Research aimed at assessing the buying behaviour of public sector organisations seeking secure data destruction services has been launched by the British Security Industry Association (BSIA).
Following a number of high-profile data breaches within NHS Trusts and local authorities, secure data destruction is now a top priority across the public sector.
Organisations operating within this sector have been particularly prone to poor data management, with many incurring fines of up to £500,000 from the Information Commissioner’s Office (ICO).
With previous research highlighting a worrying lack of awareness regarding British Standards and legal obligations, the BSIA has decided to energise a new campaign designed specifically to educate those responsible for procuring information destruction services.
Kicking off this campaign is an initial research piece. Aimed at organisations operating within the public sector, it’s designed to gauge their understanding of the various standards operating within the marketplace and to gain an overview of current procurement practices and specifications.
Open to organisations of all types – and predominantly including those within the healthcare, education and local authority sectors – the research takes the format of an online survey which can be accessed via the following link: http://svy.mk/1ExAJQu All responses will be treated as being anonymous.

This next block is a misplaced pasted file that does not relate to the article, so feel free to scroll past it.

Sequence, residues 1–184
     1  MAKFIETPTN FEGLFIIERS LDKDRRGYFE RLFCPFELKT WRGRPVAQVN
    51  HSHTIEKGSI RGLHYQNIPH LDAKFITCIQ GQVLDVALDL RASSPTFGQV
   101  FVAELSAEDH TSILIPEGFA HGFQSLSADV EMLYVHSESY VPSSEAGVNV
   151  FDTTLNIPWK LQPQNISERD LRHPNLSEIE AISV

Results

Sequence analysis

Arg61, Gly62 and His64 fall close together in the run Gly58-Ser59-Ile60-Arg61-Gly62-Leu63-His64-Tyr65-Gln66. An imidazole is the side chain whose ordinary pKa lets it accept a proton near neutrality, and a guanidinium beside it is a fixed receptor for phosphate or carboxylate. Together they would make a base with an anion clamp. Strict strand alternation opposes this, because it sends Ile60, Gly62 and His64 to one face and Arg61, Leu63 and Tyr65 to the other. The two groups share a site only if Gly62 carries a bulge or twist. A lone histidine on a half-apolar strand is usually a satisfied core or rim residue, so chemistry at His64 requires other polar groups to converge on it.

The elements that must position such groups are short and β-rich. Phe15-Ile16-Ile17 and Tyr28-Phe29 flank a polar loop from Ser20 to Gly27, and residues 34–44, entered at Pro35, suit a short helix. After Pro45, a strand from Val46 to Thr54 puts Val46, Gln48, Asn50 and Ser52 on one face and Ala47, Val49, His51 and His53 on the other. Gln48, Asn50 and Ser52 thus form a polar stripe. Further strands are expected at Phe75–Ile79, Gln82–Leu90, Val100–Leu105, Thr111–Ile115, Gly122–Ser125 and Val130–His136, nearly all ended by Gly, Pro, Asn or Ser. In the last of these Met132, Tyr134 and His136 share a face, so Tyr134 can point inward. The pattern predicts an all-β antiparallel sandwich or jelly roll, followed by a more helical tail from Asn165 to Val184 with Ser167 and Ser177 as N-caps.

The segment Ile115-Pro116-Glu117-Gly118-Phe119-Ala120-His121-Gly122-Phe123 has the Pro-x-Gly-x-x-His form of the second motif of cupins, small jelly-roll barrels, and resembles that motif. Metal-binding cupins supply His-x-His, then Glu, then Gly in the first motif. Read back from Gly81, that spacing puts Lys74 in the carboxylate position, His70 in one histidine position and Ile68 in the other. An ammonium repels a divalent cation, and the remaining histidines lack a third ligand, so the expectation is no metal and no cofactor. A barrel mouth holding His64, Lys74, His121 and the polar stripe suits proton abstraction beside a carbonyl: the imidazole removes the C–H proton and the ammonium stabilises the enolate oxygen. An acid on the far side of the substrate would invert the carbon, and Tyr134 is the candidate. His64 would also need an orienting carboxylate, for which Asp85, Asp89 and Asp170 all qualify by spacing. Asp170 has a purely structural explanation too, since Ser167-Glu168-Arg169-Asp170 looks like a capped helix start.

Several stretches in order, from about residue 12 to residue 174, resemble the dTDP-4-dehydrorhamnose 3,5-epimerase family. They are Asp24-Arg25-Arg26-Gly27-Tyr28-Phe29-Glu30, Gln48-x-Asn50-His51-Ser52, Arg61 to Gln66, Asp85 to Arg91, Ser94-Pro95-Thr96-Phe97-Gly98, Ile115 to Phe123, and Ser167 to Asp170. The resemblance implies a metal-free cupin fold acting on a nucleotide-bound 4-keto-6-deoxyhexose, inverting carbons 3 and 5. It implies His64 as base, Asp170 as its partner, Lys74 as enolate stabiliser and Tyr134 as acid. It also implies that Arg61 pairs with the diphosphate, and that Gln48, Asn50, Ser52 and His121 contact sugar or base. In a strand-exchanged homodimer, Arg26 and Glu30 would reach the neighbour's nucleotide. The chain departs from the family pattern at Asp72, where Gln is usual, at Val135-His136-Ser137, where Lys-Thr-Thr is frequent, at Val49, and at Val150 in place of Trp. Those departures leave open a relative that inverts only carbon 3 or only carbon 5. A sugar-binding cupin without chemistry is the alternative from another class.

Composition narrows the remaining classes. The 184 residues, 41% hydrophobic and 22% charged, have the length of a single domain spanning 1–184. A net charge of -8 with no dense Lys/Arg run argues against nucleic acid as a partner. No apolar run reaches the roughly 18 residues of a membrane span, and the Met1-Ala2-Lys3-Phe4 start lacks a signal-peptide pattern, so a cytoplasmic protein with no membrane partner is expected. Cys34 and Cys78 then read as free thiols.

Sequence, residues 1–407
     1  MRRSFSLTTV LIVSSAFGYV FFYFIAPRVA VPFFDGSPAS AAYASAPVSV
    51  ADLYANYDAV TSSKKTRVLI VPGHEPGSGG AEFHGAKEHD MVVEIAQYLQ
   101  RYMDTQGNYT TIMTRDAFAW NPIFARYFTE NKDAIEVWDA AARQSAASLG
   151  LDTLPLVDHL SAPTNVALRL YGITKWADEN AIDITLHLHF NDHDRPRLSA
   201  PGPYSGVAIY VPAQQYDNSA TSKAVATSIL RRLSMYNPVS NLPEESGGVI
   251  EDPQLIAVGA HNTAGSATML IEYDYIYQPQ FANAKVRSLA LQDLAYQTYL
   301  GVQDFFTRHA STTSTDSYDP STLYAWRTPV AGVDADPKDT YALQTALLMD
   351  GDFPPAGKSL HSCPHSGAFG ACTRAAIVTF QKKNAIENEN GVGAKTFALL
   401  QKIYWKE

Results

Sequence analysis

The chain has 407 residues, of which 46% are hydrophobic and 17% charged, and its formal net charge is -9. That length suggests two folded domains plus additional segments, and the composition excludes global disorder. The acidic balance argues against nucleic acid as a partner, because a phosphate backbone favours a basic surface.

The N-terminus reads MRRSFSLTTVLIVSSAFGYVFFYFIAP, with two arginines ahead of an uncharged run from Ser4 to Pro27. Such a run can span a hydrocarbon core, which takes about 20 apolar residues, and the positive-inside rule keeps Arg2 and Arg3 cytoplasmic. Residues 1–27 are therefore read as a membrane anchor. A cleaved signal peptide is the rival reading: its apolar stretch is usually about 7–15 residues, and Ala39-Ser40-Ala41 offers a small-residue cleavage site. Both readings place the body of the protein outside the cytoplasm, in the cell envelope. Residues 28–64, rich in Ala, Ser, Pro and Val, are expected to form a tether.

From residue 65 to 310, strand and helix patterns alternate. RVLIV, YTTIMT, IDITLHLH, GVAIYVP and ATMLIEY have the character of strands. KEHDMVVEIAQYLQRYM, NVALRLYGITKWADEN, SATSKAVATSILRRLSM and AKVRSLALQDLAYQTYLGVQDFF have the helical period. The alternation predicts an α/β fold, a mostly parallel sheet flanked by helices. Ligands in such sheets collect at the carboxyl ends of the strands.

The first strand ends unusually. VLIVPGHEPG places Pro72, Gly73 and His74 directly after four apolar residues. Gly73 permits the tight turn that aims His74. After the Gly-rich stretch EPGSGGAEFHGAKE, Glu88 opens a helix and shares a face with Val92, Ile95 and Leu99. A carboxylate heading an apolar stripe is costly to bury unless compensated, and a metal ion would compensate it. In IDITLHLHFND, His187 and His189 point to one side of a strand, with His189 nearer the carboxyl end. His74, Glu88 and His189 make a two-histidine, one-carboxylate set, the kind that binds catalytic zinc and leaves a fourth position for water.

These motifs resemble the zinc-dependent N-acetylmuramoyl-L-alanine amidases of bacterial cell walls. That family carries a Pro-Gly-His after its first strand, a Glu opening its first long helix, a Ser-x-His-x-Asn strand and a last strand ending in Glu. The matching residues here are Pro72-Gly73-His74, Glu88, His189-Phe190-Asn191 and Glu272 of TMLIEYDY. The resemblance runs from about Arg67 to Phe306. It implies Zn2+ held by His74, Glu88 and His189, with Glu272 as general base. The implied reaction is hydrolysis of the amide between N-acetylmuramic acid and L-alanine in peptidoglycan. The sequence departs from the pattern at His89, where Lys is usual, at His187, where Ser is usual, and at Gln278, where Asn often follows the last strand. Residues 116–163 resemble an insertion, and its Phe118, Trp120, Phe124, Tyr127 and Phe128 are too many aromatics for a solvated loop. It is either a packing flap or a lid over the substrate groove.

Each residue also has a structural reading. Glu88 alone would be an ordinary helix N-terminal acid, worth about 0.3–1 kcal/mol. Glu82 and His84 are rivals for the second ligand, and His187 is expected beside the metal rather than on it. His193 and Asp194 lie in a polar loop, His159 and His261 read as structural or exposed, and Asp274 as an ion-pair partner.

Reputational and financial risk
Adam Chandler, chairman of the BSIA’s dedicated Information Destruction Section, commented: “While it’s not just public sector organisations that are prone to data breaches – the average data breach costs private sector firms around £1.9 million on an annual basis – the sensitive nature of the data held by public sector organisations can expose them to greater reputational and financial risk.”
Chandler continued: “An overarching theme identified by the BSIA’s previous projects is a general lack of understanding when it comes to the standards that should be specified of a professional information destruction supplier. This often leads to organisations specifying unnecessarily stringent requirements with regards to factors such as shred size, transport and destruction processes.”
As the leading authority on information destruction Best Practice, the BSIA’s Information Destruction Section is aiming to overcome this issue and further highlight the benefits of various standards – including EN 15713 – by launching an educational campaign targeted at end users within the public sector who are considering procuring information destruction services.
*For more information about EN 15713 and procuring a professional information destruction company visit: www.bsia.co.uk/information-destruction